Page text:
[In this reprinted #altdevblogaday opinion piece, game development grad student Heather Decker-Davis shares some advice and potential benefits for those looking to volunteer in the game industry.]
I absolutely love encouraging people to volunteer within the game development community. It benefits the particular effort in question, the individual, and the game development community at large.
However, over the course of being heavily involved in a variety of volunteer operations, it's come to my attention that the general understanding of what it means to volunteer may vary from person to person. It's not just raising your hand and feeling good. These two steps are indeed part of the process, but there's a lot more to it than that!
The following are general guidelines for volunteering, which I'm hoping may serve as standards to help a variety of organizations, groups, and individuals by better educating budding volunteers on how they can most effectively serve their cause.
The first step to volunteering isn't just saying you'll do something. If you're eager to get involved with an effort, please start by:
identifying available opportunities
evaluating how realistic it is for you to contribute, based on your existing workload, schedule, and abilities
You might begin by asking a professional organization like IGDA how you can help out, and in turn, receive a list of items that could currently use some attention.
Take a moment and actively match yourself to things you know you can accomplish. That isn't to say you shouldn't push yourself to grow, but you should be able to fulfill the basic need you're stepping up for.
If you volunteer for something that's completely beyond your capabilities, the organizer is basically back to square one when this detail is discovered, which works against the overall intent of helping people.
Playing to your strengths and thoughtfully managing your time will overall aid you in becoming an outstanding volunteer.
Similarly, it's extremely important to finish what you've started. The bottom line is, someone needed help with X. Therefore, the most useful thing you can do is actually take X from a need to a finished objective.
Offering your time to help an organization, group, or individual should be considered a commitment. When you volunteer, people are now counting on you to pitch in with something!
For example, say I needed someone to make posters for an event. If no one came forward, I would be aware that I had something unassigned and I'd unconsciously operate with the understanding that I need to stretch my resources to cover it.
However, if I have volunteers, my organizational thoughts change. I might start pouring more effort into my primary tasks, in the interest of making the event all that much better. Having more hands to help essentially means you can do more!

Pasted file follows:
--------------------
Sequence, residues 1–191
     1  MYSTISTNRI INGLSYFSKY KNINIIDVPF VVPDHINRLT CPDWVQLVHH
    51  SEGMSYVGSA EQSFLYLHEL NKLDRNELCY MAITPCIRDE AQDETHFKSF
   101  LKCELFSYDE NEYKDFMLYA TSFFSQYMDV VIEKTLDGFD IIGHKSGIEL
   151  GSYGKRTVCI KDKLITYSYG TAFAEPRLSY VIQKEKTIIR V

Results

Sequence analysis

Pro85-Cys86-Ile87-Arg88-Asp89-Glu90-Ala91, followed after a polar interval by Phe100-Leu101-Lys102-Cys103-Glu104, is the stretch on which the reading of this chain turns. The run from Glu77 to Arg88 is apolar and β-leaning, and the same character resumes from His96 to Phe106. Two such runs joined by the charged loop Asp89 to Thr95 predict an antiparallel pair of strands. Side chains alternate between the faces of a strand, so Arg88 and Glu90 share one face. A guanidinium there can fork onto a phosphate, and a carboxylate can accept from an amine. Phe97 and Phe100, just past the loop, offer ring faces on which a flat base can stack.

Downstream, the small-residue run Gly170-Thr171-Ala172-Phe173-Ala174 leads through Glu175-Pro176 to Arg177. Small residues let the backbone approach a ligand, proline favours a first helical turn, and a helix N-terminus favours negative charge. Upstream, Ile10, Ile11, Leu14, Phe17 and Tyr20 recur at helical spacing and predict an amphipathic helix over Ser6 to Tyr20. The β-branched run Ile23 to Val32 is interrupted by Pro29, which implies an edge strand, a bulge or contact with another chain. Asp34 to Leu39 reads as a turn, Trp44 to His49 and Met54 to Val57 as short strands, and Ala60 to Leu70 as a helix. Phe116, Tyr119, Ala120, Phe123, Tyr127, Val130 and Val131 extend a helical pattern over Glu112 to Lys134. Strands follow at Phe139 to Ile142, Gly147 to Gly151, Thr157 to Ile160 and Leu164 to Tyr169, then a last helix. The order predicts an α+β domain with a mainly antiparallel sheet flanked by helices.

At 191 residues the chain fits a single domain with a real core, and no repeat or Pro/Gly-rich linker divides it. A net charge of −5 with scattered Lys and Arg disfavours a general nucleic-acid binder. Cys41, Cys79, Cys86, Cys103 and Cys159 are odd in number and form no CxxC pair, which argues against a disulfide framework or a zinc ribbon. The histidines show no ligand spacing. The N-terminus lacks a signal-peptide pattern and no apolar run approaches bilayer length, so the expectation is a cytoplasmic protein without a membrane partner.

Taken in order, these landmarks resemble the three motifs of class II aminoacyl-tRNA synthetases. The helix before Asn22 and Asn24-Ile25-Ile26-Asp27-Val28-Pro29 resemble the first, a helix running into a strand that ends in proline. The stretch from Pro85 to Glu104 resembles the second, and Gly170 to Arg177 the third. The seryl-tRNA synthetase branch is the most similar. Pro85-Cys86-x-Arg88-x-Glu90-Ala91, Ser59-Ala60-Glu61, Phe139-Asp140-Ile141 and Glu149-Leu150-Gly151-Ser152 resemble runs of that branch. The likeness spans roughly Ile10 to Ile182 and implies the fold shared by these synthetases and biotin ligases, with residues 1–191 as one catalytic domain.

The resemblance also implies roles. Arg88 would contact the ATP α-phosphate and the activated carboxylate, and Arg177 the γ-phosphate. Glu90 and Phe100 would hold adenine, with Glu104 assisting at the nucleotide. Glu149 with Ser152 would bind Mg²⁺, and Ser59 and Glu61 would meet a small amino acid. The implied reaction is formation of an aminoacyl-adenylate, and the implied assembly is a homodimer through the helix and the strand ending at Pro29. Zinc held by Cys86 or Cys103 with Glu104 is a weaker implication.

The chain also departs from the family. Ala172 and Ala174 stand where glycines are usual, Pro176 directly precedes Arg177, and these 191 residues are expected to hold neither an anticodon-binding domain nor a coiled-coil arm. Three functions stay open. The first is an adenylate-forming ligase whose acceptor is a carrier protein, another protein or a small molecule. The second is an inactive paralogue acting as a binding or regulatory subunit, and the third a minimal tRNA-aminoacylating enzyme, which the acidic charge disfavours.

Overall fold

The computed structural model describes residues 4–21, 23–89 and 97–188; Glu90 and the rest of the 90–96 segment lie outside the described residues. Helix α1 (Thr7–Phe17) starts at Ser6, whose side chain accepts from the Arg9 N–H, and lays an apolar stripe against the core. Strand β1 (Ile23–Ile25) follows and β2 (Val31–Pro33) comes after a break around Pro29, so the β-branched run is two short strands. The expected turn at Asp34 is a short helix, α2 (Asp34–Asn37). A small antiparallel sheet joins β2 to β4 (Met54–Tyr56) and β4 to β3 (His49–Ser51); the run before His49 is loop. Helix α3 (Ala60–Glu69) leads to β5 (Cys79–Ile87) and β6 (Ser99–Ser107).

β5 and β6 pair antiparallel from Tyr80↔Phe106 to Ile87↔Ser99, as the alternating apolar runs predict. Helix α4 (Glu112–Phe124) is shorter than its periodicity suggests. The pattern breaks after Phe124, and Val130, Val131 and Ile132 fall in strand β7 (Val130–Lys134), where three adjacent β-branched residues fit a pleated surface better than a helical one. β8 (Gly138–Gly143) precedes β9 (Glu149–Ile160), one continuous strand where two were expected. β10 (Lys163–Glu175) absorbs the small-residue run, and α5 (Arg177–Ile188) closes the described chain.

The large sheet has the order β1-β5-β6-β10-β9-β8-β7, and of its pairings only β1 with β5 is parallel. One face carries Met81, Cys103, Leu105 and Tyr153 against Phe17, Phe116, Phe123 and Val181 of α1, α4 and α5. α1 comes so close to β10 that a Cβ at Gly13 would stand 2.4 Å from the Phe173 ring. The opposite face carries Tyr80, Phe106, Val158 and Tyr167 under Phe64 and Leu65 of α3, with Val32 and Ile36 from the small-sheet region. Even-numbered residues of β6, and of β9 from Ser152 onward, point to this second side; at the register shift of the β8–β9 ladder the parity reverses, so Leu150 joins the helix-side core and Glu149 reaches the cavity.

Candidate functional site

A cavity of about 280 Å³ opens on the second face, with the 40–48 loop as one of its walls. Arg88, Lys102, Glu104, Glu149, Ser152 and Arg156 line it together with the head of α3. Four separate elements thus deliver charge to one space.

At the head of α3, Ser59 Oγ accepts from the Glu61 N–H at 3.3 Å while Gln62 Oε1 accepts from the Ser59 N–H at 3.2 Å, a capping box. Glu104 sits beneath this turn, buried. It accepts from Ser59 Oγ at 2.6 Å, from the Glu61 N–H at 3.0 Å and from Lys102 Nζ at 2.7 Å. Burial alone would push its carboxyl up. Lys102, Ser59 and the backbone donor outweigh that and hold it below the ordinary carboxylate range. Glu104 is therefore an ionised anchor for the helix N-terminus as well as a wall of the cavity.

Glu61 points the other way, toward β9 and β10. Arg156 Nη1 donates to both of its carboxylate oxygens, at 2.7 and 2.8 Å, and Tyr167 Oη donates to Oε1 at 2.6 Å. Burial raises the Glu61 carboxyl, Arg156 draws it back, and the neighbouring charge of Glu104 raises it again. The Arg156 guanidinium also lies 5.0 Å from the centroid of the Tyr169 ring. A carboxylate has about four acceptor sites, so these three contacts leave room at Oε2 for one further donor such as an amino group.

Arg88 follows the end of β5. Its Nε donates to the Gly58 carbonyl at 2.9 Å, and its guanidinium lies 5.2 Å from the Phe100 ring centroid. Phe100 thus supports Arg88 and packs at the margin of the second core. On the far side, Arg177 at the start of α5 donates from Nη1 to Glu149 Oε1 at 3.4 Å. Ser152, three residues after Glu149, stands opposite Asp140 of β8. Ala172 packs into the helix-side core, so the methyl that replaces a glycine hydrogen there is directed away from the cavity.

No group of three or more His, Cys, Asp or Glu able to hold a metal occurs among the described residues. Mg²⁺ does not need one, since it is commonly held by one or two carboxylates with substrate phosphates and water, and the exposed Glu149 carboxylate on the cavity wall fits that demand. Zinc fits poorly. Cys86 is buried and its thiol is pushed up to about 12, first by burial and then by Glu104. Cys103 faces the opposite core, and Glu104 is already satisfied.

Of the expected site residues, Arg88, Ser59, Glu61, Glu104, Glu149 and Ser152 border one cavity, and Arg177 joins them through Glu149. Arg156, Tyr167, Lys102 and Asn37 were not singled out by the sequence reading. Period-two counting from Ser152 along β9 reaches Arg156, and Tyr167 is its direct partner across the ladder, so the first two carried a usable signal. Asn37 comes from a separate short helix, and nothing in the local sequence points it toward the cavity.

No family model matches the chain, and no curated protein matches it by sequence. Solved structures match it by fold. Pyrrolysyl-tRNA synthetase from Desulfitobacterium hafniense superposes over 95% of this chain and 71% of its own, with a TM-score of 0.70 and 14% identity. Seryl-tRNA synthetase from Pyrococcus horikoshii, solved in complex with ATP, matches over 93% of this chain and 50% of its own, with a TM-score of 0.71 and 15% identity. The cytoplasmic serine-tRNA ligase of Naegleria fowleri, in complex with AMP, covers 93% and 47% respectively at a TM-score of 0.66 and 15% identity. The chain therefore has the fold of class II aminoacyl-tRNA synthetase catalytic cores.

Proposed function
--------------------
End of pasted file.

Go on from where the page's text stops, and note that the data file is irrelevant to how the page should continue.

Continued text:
Unfortunately, when a volunteer bails last-minute or otherwise falls short, an organizer suddenly has an unanticipated hole in their plans, and thus, must scramble to shuffle things around and make it right. Be aware that flaking out on something you committed to makes it harder for everyone else involved. Volunteers should strive to be a helpful and accountable.
That being said, it's understandable that sometimes life happens and things don't always go according to plan (emergencies, etc.). If something uncontrollable comes up, be sure to let your coordinator or organizer know as soon as possible.
Doing it well
Keep in mind that volunteering generally results in some form of work – although it can often be quite enjoyable – and thus, your volunteering efforts should be held to a high quality standard. You want to be proud of your work, right? Unless the original objective stated was to "slap something rough together," treat your task as you would a paid job.
If you're not sure what the expectation is, don't be afraid to ask! Most coordinators are more than happy to detail out tasks and get you everything you need to accomplish the given goal.
Additionally, in the game development community, always demonstrating that you uphold high quality standards as a volunteer is a great way to build an awesome reputation. In all, it publicly demonstrates that you're a hard worker.
It's no secret that this is a very close-knit industry and people talk. If they have great things to say, it's highly beneficial to how others (including potential employers,) may regard you. In contrast, if they have nothing good to say, it can have the opposite effect.
Enjoying the benefits
So it might sound like a great deal of effort, but in general, volunteering in the game development industry is great for both personal and professional growth.
You get out there and meet tons of great new people in your field! This is exceptionally useful to networking efforts.
You often acquire new skills along the way! For example, I learned the logistics behind running an IGF booth last year.
You feel awesome for contributing to something larger than you could do on your own.
You continue to nurture the game development community, which is carried entirely by volunteers who are dedicated to their craft and the constant improvement of it.
The big picture
My hope is that these tips will help you be the best volunteers you can be, and through teaching each other, we can continue to nurture the quality and reach of our community efforts.
For those of you already out there, doing all of these things and more: thank you so much! You are the amazing force that makes this field so inspiring to work in.
And to all aspiring super-volunteers in the making: go forth and be excellent!
[This piece was reprinted from #AltDevBlogADay, a shared blog initiative started by @mike_acton devoted to giving game developers of all disciplines a place to motivate each other to write regularly about their personal game development passions.]